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Drug Testing Employees and Applicants: Ethical or not - Research Paper Example

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Drug testing of employees and applicants remains the issue of hot public debate. Lawsuits and suggestions concerning drug testing in the workplace are flooding U.S. courts and governing bodies. …
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Drug Testing Employees and Applicants: Ethical or not
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Download file to see previous pages The issue of drug testing in the workplace exposes the ongoing tension between employee rights for privacy and the employer’s right to discharge the worker and terminate the at-will employment agreement. On the one hand, drug testing is believed to violate the Fourth Amendment and the basis premises of the U.S. Labor law protection. On the other hand, employers have the legal right to monitor and evaluate employee performance and address illicit drug issues, especially when it directly subjects employees and the community to health dangers (e.g., the use of drugs by policemen, firefighters, pilots, train conductors, etc.). This being said, and taking in consideration employers’ obligation to guarantee safety in the workplace, drug testing can be considered legal and ethical when it is based on reasonable suspicion and has the potential to adversely impact the safety of the employees, other workers, and the rest of community. The prevailing majority of employers in the United States are not required to test their employees and applicants for drug use. Moreover, most states have already enacted laws and regulations limiting the use of drug testing in the workplace (United States Department of Labor, 2010). Even the Drug-Free Workplace Act of 1988 does not make drug testing a mandatory condition of employment (United States Department of Labor, 2010). Nonetheless, the debate surrounding the issue of workplace drug testing continues to persist, because employees struggle for their rights, and of course not all the workers consider that the employer’s right to test them for using drug should exist. ...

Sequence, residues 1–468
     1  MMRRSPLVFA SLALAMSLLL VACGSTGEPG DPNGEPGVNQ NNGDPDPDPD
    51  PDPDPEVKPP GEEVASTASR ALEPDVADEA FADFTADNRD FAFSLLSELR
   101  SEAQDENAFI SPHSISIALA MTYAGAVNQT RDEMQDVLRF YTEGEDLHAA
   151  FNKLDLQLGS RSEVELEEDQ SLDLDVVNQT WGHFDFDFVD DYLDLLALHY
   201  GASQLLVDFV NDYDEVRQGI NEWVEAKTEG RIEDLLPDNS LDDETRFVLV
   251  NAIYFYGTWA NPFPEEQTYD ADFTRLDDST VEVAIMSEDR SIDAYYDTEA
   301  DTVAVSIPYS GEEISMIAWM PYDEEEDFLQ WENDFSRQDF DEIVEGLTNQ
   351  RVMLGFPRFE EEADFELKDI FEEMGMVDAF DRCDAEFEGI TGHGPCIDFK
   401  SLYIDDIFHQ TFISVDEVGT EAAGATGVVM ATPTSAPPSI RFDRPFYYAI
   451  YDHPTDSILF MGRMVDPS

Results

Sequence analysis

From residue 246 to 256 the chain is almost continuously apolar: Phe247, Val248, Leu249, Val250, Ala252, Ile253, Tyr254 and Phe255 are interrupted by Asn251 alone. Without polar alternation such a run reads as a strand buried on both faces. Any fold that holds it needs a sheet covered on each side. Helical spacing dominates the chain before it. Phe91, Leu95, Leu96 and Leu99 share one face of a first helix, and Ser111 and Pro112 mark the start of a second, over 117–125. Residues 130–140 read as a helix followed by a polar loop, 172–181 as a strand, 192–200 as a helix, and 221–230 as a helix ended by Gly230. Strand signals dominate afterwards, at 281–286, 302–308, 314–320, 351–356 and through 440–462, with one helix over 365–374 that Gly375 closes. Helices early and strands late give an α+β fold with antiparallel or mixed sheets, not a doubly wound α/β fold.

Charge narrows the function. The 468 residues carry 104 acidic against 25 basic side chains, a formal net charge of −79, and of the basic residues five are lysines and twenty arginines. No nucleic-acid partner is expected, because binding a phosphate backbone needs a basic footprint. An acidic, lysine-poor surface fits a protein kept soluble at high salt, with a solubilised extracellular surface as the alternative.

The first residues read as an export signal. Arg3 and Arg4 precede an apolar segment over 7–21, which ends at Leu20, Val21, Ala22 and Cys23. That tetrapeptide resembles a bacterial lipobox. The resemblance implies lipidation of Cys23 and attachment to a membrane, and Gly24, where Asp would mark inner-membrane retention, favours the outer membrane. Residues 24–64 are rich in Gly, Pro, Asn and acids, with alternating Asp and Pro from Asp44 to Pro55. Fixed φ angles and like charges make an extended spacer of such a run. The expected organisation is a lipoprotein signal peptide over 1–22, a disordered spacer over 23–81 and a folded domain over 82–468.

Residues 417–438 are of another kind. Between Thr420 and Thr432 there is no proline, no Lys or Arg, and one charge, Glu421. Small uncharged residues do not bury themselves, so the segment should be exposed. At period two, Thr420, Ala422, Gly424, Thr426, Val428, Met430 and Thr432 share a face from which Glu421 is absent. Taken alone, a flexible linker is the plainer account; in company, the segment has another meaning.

e workplace policies, to reduce the costs of illicit drug use in the workplace and prevent the dangers associated with drug abuse in the workplace (Occupational Drug Testing, 2011). Employees, in turn, want to preserve the right to privacy and confidentiality, because testing them for using drugs at the workplace really violates their rights. More often than not, drug testing is considered as illegal, unethical, and similar to unreasonable seizures and searches protected by Fourth Amendment of the U.S. Constitution. However, a number of other laws and regulations also apply to the case, and courts do not always accept employee side in drug testing debates. Dozens of employees in the U.S. filed lawsuits against their current or former employers in terms of drug testing in the workplace. More often than not, employees argue that drug testing is illegal and unethical, violates their right to privacy and cannot be considered a valid reason for employment termination. In Luck v. Southern Pacific Transportation Co. (1990). 218 Cal. App. 3d1 [267 Cal. Rptr. 618] the petitioner Barbara A. Luck filed a lawsuit against her employer for terminating her contract after she refused to pass a mandatory drug test. Luck was rewarded almost half million dollars in rewards and compensations, and the U.S. Supreme Court confirmed the decision of the lower circuit court (Luck v. Southern Pacific Transportation Co. (1990). 218 Cal. App. 3d1 [267 Cal. Rptr. 618]). The decision was based on the premise that drug testing violates the Fourth Amendment to the Bill of Rights. Later in 2009, a North Carolina Appellate Court declared mandatory testing of teachers in the state unconstitutional (ACLU, 2010). The decision was based on another statute – the Louisiana constitution – which grants ...Download file to see next pagesRead More
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